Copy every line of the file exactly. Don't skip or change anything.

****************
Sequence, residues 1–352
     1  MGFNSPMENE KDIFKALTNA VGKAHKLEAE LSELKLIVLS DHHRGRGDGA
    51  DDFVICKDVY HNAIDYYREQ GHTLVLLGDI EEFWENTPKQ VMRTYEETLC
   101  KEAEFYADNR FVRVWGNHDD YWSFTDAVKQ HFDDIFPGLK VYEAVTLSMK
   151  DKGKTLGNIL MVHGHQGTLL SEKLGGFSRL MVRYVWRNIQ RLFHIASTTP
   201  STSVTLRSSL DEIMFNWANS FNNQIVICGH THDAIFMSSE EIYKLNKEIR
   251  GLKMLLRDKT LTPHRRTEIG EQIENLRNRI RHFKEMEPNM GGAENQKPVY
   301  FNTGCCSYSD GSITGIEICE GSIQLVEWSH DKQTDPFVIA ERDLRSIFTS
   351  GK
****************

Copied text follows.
Sequence, residues 1–352
     1  MGFNSPMENE KDIFKALTNA VGKAHKLEAE LSELKLIVLS DHHRGRGDGA
    51  DDFVICKDVY HNAIDYYREQ GHTLVLLGDI EEFWENTPKQ VMRTYEETLC
   101  KEAEFYADNR FVRVWGNHDD YWSFTDAVKQ HFDDIFPGLK VYEAVTLSMK
   151  DKGKTLGNIL MVHGHQGTLL SEKLGGFSRL MVRYVWRNIQ RLFHIASTTP
   201  STSVTLRSSL DEIMFNWANS FNNQIVICGH THDAIFMSSE EIYKLNKEIR
   251  GLKMLLRDKT LTPHRRTEIG EQIENLRNRI RHFKEMEPNM GGAENQKPVY
   301  FNTGCCSYSD GSITGIEICE GSIQLVEWSH DKQTDPFVIA ERDLRSIFTS
   351  GK